Noise Awareness Day: Protecting Construction Workers’ Hearing

ONE IN FOUR noise-exposed workers have a material hearing impairment, and 7% of all construction workers have tinnitus, new research has found.

As International Noise Awareness Day approaches on 24 April, Phoenix Health & Safety has teamed up with Boots Hearingcare to share why construction workers are at risk of ear health damage, and what preventative measures should be put in place by safety professionals.

Research conducted by Boots Hearingcare found that those in construction are at high risk of hearing loss, with the industry ranking as the 5th noisiest profession with an average sound level 99.3dB2.

Hannah Samuel, Audiologist at Boots Hearingcare explains what this means: “When it comes to noise levels, consistently being exposed to anything measuring more than 70 dB (decibels) can start to cause damage to hearing after two hours of constant noise.

“Average dB levels this high indicate the clear risk construction workers face by working a full day on-site. If not wearing suitable and proficient ear protection, over time this can cause long-lasting, irreversible damage such as tinnitus and early hearing loss.”

Under the Control of Noise at Work Regulations (2005) employers must assess the risk and take action to reduce noise exposure and if that’s not possible, provide hearing protection.

Protecting Construction Workers’ Hearing

Nick Higginson, CEO of Phoenix Health & Safety, shares three steps safety professionals should take in order to safeguard their workers.

1. Provide suitable protection and warnings

“The risk to employees’ hearing depends on the frequency of exposure, and the sound level in decibels (dB),” says Nick. “A sound level of 80 dB can be harmful if exposure is regular, and that’s not much noisier than a vacuum cleaner, so health and safety professionals in most industries will need to assess and manage risks appropriately.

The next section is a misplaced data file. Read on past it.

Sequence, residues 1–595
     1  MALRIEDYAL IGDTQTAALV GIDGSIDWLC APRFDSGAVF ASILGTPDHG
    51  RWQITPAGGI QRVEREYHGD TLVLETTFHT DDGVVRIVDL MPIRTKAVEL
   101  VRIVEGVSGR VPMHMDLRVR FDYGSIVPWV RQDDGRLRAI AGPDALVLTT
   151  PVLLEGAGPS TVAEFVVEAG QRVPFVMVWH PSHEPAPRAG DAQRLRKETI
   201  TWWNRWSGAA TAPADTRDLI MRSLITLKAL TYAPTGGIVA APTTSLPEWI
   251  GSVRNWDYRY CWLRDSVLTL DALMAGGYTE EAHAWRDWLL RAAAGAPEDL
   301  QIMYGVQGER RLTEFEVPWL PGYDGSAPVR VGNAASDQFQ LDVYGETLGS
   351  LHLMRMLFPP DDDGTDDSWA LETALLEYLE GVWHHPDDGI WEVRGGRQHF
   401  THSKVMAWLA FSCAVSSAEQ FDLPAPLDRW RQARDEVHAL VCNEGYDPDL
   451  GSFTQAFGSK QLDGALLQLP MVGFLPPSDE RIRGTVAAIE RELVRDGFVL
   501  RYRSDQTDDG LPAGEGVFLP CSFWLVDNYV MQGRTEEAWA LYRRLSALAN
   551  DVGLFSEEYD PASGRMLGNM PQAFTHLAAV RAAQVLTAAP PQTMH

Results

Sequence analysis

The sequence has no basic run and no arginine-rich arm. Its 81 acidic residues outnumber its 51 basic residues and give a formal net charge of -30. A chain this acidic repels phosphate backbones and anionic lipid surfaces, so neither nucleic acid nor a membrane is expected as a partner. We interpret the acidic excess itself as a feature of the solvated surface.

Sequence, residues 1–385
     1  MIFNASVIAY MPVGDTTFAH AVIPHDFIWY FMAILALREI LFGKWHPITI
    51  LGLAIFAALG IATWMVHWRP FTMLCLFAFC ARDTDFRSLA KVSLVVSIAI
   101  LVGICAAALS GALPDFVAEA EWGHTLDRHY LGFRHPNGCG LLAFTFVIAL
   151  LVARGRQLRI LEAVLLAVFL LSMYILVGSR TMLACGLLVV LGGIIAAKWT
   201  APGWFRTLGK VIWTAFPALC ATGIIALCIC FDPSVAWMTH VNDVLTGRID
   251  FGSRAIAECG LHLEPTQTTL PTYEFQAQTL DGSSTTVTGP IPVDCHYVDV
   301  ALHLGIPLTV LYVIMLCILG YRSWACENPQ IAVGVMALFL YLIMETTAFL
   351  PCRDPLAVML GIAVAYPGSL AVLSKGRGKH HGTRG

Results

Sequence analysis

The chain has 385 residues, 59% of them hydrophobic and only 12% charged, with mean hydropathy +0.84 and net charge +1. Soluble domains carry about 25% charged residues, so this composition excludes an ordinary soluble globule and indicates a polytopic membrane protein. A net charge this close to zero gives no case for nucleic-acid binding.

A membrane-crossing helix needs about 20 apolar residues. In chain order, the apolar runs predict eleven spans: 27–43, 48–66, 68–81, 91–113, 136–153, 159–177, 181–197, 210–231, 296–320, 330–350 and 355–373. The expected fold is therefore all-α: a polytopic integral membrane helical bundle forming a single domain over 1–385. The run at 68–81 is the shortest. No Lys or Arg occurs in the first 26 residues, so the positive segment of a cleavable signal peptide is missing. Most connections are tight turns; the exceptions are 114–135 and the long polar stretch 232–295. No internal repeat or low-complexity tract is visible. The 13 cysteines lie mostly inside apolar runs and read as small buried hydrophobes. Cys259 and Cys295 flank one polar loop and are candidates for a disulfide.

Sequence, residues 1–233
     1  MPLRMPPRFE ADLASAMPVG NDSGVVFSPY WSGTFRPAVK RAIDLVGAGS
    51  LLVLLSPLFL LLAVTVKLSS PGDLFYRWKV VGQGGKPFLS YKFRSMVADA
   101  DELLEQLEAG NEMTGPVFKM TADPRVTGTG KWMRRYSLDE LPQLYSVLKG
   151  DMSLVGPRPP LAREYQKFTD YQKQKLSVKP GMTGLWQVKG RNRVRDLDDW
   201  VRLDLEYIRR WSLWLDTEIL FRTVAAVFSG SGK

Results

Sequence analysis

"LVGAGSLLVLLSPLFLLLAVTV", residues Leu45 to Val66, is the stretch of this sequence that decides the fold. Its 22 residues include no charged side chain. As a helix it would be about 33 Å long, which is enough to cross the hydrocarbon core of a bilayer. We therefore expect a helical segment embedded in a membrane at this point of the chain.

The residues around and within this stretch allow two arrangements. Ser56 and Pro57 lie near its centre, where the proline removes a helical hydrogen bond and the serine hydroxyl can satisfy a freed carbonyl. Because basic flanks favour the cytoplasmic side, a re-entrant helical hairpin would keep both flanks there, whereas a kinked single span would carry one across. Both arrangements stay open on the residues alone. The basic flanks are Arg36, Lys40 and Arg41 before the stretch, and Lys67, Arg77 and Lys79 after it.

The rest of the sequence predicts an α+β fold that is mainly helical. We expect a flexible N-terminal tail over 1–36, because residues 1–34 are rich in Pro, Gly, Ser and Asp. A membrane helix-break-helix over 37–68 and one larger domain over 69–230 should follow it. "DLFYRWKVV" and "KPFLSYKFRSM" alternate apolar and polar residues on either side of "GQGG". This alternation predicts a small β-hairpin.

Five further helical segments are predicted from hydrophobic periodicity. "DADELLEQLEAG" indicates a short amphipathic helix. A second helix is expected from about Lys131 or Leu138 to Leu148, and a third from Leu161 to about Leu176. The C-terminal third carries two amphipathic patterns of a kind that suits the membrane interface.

“In noisy areas, for example, it is important to identify hearing protection zones which are sign-marked areas where it is compulsory to wear hearing protection.”

2. Ensure staff training is up to date

“Hearing protection is only useful when worn correctly, therefore employees must receive the adequate training and information that they need,” Nick explains. “Taking an accredited, industry-standard course such as the IOSH Working Safely Course will help employees to understand how to work safely to protect themselves and others.”

3. Utilise technology for noise monitoring and mitigation

Nick says, “Technology such as noise sensors can be connected to a central monitoring system to report on real-time noise levels and notify when these levels exceed predefined thresholds. This allows health and safety, and construction managers to take timely action to mitigate excessive noise and comply with regulations.”

“Wherever there is noise at work you should be looking for alternative processes and equipment,” he adds. “Companies can invest in modern, quieter construction equipment and machinery, such as electric or hybrid vehicles, or equipment with noise-reducing technologies to help mitigate noise and the effects it has on workers and the environment.”

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